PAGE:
University of Hawaii doctors say they are concerned about the state’s “alarmingly low” immunization rate for human papillomavirus, the most common cancer-causing sexually transmitted disease in the United States.
In Hawaii, only 38 percent of females and 31 percent of males 13 to 17 years of age are fully immunized to protect against HPV, which has 100 different strains that affect different parts of the body, according to new data from the U.S. Centers for Disease Control and Prevention.
Officials at the UH John A. Burns School of Medicine are urging the public to take action. They say all 11 and 12-year-olds should get the controversial vaccine.
“We’re not talking about a cold. This is cancer and it can be prevented,” said Dr. Raul Rudoy, a University of Hawaii pediatric infectious disease specialist. “The reason for giving the vaccine at that early age is that it needs to be provided before the children have a risk of getting the disease.”
Children need three shots over a six-month period for full protection.
The vaccine came under fire in recent years because “some people believe by giving the vaccine you will make the boys and girls promiscuous, which is not true,” Rudoy said, adding that the anti-vaccine movement has also scared people away from being immunized.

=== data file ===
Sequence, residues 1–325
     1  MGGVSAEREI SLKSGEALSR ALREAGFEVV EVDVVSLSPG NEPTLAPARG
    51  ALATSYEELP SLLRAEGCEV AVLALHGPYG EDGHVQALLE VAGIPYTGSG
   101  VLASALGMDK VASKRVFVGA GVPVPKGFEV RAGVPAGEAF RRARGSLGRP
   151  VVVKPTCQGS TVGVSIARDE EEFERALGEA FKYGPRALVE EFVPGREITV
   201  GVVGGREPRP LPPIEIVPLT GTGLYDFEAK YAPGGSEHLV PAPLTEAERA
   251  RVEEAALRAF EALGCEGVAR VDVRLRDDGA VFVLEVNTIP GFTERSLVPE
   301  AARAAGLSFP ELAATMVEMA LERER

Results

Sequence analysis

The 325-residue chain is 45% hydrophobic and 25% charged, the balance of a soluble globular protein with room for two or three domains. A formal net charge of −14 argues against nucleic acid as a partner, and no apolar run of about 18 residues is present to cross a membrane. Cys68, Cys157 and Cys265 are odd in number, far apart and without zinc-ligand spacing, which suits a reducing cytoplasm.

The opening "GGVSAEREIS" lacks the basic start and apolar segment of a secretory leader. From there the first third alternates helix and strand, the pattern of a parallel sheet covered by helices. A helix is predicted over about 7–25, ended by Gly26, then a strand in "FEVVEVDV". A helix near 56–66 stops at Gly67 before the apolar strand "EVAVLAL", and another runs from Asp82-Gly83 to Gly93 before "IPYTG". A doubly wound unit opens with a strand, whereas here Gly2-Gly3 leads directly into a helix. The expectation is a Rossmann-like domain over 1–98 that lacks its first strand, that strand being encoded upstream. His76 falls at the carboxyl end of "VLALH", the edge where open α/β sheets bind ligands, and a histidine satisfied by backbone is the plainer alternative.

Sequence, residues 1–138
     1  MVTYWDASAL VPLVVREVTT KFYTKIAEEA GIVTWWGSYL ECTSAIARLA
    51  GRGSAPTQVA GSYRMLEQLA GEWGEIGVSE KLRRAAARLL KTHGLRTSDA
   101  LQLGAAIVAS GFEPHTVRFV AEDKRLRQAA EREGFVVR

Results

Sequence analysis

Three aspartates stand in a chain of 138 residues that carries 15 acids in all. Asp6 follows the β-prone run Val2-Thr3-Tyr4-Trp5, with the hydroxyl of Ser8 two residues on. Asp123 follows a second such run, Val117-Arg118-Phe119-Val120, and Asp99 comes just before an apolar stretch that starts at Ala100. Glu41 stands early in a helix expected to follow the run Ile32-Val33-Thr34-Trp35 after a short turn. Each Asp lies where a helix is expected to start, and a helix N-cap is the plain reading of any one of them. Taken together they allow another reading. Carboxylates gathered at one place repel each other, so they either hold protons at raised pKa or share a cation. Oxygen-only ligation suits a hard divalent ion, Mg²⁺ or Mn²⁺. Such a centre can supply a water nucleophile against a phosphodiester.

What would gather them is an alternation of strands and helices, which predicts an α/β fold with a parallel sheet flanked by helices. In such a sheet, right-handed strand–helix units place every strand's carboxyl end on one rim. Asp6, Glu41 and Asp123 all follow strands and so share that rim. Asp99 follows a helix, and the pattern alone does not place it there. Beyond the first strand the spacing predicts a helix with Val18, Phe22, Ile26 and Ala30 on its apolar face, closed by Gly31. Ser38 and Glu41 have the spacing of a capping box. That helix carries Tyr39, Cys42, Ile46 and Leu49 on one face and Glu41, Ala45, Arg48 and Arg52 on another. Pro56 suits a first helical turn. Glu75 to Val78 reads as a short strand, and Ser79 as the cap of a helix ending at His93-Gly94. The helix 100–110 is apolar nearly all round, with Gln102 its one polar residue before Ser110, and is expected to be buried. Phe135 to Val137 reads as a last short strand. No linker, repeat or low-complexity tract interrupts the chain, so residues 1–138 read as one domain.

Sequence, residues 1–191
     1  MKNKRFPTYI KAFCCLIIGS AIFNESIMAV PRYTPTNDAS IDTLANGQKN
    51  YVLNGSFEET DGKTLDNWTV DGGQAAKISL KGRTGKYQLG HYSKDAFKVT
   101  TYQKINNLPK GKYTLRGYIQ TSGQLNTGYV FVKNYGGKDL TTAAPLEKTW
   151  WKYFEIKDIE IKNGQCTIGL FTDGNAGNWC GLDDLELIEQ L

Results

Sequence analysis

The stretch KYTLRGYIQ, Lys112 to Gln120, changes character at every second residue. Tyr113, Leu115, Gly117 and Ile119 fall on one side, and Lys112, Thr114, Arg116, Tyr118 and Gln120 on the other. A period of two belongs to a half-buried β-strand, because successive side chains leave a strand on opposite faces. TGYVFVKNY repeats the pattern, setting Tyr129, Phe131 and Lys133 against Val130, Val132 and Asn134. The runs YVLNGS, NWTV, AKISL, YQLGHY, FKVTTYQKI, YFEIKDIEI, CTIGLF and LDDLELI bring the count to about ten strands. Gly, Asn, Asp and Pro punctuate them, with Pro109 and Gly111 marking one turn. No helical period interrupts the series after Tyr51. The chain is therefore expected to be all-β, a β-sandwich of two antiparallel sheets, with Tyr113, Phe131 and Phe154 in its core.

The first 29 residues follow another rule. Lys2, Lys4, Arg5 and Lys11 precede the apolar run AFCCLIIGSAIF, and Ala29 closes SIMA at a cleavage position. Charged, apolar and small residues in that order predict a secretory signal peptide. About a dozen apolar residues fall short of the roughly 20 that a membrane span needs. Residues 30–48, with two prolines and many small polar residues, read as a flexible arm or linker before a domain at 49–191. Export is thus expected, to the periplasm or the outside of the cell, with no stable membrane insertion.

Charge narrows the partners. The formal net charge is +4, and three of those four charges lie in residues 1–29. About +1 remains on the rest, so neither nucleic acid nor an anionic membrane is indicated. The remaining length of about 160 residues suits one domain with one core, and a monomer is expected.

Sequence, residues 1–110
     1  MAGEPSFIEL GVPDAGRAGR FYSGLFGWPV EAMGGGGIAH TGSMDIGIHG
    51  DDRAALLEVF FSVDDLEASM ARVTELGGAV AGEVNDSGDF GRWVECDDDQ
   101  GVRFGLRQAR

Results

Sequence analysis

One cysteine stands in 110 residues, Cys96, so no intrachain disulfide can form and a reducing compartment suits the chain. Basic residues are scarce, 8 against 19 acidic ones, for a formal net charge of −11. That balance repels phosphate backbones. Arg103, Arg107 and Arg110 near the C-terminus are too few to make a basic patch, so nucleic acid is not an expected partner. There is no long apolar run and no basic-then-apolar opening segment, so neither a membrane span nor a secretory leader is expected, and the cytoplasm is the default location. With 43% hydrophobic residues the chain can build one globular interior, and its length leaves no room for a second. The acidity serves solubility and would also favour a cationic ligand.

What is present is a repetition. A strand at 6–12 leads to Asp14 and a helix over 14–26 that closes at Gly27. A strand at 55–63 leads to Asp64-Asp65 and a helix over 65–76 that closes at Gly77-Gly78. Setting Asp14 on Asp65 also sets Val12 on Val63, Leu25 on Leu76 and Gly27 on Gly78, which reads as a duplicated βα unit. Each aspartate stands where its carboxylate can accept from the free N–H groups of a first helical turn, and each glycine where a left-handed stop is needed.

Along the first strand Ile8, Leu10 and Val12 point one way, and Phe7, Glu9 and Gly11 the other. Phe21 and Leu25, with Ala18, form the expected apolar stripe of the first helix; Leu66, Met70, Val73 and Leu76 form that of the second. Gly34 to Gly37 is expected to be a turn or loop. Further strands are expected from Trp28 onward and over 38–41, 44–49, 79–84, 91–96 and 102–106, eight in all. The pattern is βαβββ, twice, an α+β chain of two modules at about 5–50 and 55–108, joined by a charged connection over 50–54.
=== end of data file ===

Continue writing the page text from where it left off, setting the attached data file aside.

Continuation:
In addition, many doctors are not pushing the vaccine, though Rudoy was unclear why.
“The risks of the HPV vaccine are minuscule in comparison to the enormous benefits,” he said. “There is an effective vaccine that will prevent HPV infections.”
Nearly 30,000 cancers are caused by HPV annually in the U.S. An estimated 20,000 women die each year mostly from cancer of the uterus, while 9,000 men die from cancer of the throat or penis, according to Rudoy.
UH officials say 80 percent of sexually active women will contract HPV at some point in their lives, though the virus will be harmless for most people.
The university is hosting its annual Aloha Pediatric Infectious Diseases Conference from 12:30 to 5:30 p.m. Sept. 12 at the John A. Burns School of Medicine in Kakaako. Health care providers will discuss strategies to improve vaccine coverage and increase public awareness of the potentially deadly disease.